Offense and the Algorithm

As someone who works with objects and digital customization, this article really stood out to me. The Amazon seller Solid Gold Bomb uses algorithms to make variations on popular memes such as the “Keep Calm and Carry On” teeshirt. There was huge backlash however when a shirt appeared on Amazon that read: “Keep Calm and Rape A lot”. Other offensive, violent combinations cropped up as well.

The company apologized by saying it was the algorithm, and they didn’t support these view points, etc, etc. But I think we need to take control of the machines we build. If you programmed a walking robot to walk in a straight line and crush everything in its path, you would need to answer for the inevitable trampling.

As our technologies get more effective, we have more of a responsibility toward them. Otherwise we will be left with even more spam and crap, as it begins to encroach on the physical spaces of our lives.

I’ve been trying to make very thoughtful objects, using the internet to make them more dynamic and interesting. I find this algorithmic teeshirt to be antithetical to what I am trying to achieve, but eerily similar.

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What I’ve been up to

I haven’t been very great at keep up with this blog, but here are some things I’ve been following online.

This TED talk is really great and follows a man who invents 100 artists (and their bodies of work). He has some good ideas about what makes good, accessible art. He also believes that good art should be accessible.

And in terms of conversational back channels, this article entitled “When Twitter Attacks” is an interesting conversation about how displaying tweets at an event may go wrong.

Well, time to live tweet class.

Hipsters on Food stamps – Education, the great equalizer?

I first hear about this article, titled “Hipsters on Food stamps”, from reading a response to it (which I’ll get to). In this piece, Salon follows several young people in Baltimore who are spending their food stamps on wild caught fish and organic vegetables. You might think that people living in poverty making an effort to eat well is commendable, but many of the commenters evidently don’t.

Because these young people have degrees, and are “artistic” (apparently, hipsters), people seem to not believe their poverty is legitimate. Of course, young people everywhere are piling up debt to avoid the choices the subjects of this article have been forced to. To look around my social group, I don’t find this article shocking.

This response borders on unintelligible at times (an editor would have been useful), but raises the education system as a culprit in this mess. Or rather, the way our culture tends to over value higher education and the salary benefits it will provide in our professional lives. This response blames capitalism in general, and the way we value different types of labour.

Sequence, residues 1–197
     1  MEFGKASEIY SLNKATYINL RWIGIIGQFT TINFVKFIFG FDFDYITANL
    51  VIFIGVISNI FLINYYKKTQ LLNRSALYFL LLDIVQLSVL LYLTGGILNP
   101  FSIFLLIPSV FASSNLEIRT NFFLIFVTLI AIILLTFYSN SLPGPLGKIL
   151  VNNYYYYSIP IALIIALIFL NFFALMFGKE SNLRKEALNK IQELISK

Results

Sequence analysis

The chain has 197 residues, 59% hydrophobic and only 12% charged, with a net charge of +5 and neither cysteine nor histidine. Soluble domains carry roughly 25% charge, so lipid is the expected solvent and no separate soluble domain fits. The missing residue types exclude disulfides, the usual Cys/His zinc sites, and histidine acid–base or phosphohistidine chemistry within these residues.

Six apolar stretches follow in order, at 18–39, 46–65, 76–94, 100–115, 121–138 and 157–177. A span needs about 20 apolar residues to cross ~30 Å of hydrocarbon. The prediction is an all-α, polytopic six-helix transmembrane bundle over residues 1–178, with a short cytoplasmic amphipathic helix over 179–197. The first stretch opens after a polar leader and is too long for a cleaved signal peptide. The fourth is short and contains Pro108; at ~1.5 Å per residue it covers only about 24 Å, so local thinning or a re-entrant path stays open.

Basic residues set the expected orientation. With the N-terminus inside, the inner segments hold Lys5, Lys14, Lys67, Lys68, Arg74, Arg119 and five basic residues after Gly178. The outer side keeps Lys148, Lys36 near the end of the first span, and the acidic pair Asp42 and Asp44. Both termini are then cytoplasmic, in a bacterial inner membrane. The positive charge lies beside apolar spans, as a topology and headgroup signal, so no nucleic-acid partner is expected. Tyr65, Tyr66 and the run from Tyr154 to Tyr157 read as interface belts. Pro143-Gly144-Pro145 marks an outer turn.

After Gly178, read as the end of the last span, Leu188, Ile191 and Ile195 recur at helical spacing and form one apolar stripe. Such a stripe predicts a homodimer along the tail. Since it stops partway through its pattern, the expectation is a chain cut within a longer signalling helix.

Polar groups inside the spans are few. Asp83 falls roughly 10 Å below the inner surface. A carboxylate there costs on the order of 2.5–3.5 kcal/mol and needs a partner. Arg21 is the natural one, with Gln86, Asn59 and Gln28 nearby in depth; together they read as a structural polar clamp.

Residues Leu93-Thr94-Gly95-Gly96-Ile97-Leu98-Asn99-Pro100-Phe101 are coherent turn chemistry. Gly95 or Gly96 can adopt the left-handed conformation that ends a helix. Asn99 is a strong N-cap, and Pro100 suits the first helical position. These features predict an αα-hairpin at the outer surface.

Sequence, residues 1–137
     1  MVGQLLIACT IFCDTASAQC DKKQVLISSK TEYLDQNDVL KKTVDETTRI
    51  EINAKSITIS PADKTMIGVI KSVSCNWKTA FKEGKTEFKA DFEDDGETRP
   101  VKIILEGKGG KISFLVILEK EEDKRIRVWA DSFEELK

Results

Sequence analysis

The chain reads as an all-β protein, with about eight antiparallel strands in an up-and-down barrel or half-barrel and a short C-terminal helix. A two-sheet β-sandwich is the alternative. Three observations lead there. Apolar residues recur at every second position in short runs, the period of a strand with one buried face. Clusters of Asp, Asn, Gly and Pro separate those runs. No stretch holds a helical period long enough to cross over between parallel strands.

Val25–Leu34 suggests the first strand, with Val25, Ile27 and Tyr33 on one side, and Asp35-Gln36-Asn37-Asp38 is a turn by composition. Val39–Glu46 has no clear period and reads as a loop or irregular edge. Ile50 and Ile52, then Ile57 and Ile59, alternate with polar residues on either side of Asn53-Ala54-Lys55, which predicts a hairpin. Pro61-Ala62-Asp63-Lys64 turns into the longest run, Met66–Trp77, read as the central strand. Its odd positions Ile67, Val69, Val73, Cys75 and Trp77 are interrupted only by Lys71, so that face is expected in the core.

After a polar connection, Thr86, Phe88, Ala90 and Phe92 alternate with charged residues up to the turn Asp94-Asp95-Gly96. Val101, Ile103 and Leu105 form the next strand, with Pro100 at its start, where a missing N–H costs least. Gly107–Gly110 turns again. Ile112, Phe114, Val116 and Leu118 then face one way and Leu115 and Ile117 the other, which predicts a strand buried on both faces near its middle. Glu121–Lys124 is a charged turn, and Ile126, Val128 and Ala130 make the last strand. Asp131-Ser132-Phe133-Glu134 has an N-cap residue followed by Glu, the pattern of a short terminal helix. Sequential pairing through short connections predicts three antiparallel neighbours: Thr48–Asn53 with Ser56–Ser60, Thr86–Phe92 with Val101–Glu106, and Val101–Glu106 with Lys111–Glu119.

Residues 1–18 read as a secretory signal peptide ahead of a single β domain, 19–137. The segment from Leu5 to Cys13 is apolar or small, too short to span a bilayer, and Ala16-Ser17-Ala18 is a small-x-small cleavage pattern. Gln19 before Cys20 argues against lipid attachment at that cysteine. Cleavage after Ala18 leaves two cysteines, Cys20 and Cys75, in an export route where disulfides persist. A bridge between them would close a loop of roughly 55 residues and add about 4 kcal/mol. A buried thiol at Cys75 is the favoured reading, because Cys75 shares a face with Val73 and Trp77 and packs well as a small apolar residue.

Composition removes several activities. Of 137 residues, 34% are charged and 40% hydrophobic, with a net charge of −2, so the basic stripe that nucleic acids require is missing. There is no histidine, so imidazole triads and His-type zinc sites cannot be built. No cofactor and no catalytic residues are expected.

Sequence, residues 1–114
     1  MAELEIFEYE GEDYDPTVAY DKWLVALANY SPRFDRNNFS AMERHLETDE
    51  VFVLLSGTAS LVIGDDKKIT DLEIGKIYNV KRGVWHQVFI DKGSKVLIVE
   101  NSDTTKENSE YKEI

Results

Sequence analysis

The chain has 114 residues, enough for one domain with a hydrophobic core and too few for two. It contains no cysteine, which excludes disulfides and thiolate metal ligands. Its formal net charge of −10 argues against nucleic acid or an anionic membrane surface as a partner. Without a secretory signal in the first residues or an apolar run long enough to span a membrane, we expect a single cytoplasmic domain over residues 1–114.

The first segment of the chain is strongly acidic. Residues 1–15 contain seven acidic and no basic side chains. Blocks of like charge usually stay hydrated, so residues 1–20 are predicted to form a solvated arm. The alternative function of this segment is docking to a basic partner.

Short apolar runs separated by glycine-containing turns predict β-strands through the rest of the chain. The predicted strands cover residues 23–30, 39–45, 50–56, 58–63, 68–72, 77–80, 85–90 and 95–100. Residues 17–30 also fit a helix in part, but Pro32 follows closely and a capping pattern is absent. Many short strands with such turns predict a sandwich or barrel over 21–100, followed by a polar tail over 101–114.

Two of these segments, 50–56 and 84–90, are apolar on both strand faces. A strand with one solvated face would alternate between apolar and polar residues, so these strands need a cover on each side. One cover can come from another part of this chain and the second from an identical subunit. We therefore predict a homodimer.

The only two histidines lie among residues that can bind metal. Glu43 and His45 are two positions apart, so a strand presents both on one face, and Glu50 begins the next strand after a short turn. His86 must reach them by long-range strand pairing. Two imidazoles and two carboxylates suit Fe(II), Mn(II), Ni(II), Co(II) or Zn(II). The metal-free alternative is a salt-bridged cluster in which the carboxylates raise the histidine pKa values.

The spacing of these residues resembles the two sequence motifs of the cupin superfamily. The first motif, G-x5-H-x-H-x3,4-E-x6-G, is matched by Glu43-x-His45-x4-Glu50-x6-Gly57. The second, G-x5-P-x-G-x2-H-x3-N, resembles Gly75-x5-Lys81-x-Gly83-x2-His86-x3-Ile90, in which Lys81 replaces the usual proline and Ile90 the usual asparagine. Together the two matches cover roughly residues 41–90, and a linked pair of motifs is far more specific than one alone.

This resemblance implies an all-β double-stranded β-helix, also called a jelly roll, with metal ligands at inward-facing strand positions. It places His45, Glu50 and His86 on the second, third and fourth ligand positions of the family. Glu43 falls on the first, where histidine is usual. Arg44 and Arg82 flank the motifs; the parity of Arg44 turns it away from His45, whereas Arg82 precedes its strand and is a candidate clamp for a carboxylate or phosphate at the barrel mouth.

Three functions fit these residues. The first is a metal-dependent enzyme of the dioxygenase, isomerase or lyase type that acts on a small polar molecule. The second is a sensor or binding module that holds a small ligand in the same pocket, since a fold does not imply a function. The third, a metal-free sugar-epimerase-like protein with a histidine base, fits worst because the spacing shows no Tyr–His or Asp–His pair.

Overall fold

Either way, we live in a culture that has fundamentally failed young people. We have been told education is the great equalizer, but find ourselves tethered to massive debts and without meaningful work. With this assignment, me and Pater aim to explore the life of a character who is stuck in this predicament. Samuel Flint is highly educated, but his skills aren’t relevant to the world around him. Either way, the collection agencies are going to call.

Perhaps creating this character is condescending in some way — but I hope no one takes it as such. Our culture needs to create new kinds of work, and while this isn’t a solution, its part of a conversation.

The True Price of Free

In class, copyleft, copyright infringement and the like have come up several times. These ideas are clearly very threatening to the status quo, as Aaron Swartz, activist and “hacker” (or python-script runner) discovered when he tried to liberate articles from behind JSTOR’s paywall.

He was doggedly pursued by the US federal government, facing up to 35 years in prison. This month, at 26, he took his own life. If you haven’t read about his story, I urge you to.

I found this article interesting, discussing how Aaron’s crimes were taken so seriously, while mortgage fraud leading up to the 2008 financial crisis has never been criminally pursued.

The Story of Samuel Flint: A Millennial Tragicomedy in Three Profiles

The problem me and Peter decided to tackle is the prevalence of unemployment after graduation. We didn’t work out who exactly our character is, but we decided they have a PHD in Philosophy.

I think it would be interesting to look at this from an angle of lives lived publicly online; this character would be tragically unprofessional on twitter, facebook and instagram, say. I am thinking, “Getting drunk at 2pm on a Tuesday #IE money”. And let’s say they link their twitter on linkdin. This would be an exploration of both the ways millennials have been failed, and the ways in which we fail ourselves.

I am thinking Scott Pilgrim meets Hannah Horvath. A lazy, charming and deeply flawed 20-something who just can’t get it together.